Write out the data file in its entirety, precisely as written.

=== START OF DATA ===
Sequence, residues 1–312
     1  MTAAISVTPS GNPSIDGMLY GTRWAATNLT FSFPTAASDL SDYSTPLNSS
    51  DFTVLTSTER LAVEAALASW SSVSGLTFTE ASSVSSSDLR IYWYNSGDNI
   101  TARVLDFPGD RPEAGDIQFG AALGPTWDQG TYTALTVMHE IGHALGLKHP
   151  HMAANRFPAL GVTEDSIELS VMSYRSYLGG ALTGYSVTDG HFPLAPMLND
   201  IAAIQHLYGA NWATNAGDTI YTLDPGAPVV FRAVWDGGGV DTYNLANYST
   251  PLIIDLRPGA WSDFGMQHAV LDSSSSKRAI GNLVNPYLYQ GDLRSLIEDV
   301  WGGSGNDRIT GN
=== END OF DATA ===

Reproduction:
Sequence, residues 1–312
     1  MTAAISVTPS GNPSIDGMLY GTRWAATNLT FSFPTAASDL SDYSTPLNSS
    51  DFTVLTSTER LAVEAALASW SSVSGLTFTE ASSVSSSDLR IYWYNSGDNI
   101  TARVLDFPGD RPEAGDIQFG AALGPTWDQG TYTALTVMHE IGHALGLKHP
   151  HMAANRFPAL GVTEDSIELS VMSYRSYLGG ALTGYSVTDG HFPLAPMLND
   201  IAAIQHLYGA NWATNAGDTI YTLDPGAPVV FRAVWDGGGV DTYNLANYST
   251  PLIIDLRPGA WSDFGMQHAV LDSSSSKRAI GNLVNPYLYQ GDLRSLIEDV
   301  WGGSGNDRIT GN